Investigators have identified a link between autoimmune thyroid disease (ATD) and multiple nonorgan-specific antibodies, leading to various rheumatic diseases including rheumatoid arthritis (RA) in patients, according to research published in Medicine.

Basant M. Elnady, MD, of the Department of Physical Medicine and Rheumatology at Benha University, Egypt, and colleagues, conducted a 2-phase study of patients with autoimmune thyroid disease to determine the prevalence of various nonorgan-specific antibodies and elucidate the link between antibodies and the occurrence of rheumatic disease.

Sixty-one patients with ATD (65.6% >18 years of age, 83.6% female) who tested positive for antithyroid antibodies and 61 age- and sex matched control subjects (mean age 27±14.9 years) without thyroid, connective tissue, or autoimmune diseases were enrolled in the study.


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High Yield Data Summary

  • A positive linear relationship was found between age, serological status (anti-dsDNA, anti-CCP, RF), and thyroiditis disease duration with the occurrence of certain rheumatic diseases

During phase 1—a case control study—all 61 patients underwent assessment for the presence of antinuclear antibodies (ANA), antidouble-stranded deoxyribonucleic acid (anti-dsDNA), antiextractable-nuclear antigens (anti-ENAs), rheumatoid factor (RF), and anticyclic-citrullinated peptides (anti-CCP). 

During the phase 2 longitudinal clinical follow-up, all patients were followed for 2 years to assess their risk of developing autoimmune diseases.

Within the ATD group, Dr Elnady and colleagues found the highest percentage of ANA (50.8%), followed by RF (34.4%), anti-ENA (21.3%), and anti-CCP (19.7%). During the 2-year follow-up, nearly one-third (32.8%) developed a rheumatic disease: 45% RA, 20% systemic lupus erythematosus (SLE), 10% Sjögren syndrome (SS), and 25% Behcets disease, fibromyalgia, mixed connective tissue disease, and Rhupus syndrome (a combination of lupus and RA), combined.

The researchers also found that patients within the ADT group had a significantly higher prevalence of antibodies than the control group.

Patients who developed rheumatic diseases were overwhelmingly female (85%), older than 18 years, and had the highest percentage of ANA antibodies (55%). 

Summary and Clinical Applicability

ANA—the most frequently identified nonorgan-specific antibody—can be detected in a wide range of autoimmune disorders, including SLE, progressive systemic sclerosis, juvenile idiopathic arthritis (JIA) and autoimmune hepatitis.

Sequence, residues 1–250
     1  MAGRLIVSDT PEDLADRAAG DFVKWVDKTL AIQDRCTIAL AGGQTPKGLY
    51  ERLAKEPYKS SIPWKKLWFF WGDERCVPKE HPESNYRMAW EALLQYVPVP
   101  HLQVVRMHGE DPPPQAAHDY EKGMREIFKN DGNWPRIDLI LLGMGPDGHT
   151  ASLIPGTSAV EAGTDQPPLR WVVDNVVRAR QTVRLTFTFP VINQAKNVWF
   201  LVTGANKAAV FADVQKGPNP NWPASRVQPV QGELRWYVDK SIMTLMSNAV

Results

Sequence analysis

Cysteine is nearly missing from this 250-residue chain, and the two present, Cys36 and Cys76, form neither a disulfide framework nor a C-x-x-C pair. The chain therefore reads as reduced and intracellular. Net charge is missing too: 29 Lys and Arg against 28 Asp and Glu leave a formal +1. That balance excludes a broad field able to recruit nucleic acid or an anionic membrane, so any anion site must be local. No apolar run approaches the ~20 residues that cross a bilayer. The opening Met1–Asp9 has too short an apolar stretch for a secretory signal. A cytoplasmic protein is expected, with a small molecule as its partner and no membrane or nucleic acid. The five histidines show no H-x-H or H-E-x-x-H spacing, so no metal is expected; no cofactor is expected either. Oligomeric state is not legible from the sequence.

Dr Elnady and colleagues noted that this prospective study is—to the best of their knowledge—the first to use nonorgan-specific antibodies to detect the risk of autoimmune disease development. “Our study’s comparable results showed that patients of ATD and positive anti-dsDNA have [a] 2.45 times risk [of developing] rheumatic disease,” they wrote.

“It was obvious in our study that ATD is more associated with rheumatic diseases than previously thought,” Dr Elnady and colleagues concluded. “Early referral to rheumatologists is needed to differentiate the extra glandular ATD manifestations from true associated autoimmune disease. More large-cohort longitudinal studies with stratification of the studied group…are needed to establish this concept in routine serological testing for ATF patients.”

Limitations and Disclosures

  • Stratification of the cohort according to age is still needed to further examine the necessity of routine serological testing for ATD patients

The authors report no funding or conflicts of interest.

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Reference

Elnady BM, Kamal NM, Shaker RHM, et al. Prevalence and clinical significance of nonorgan specific antibodies in patients with thyroiditis as predictor markers for rheumatic diseases. Medicine. 2016;95(38):e4336. doi: 10.1097/MD.0000000000004336

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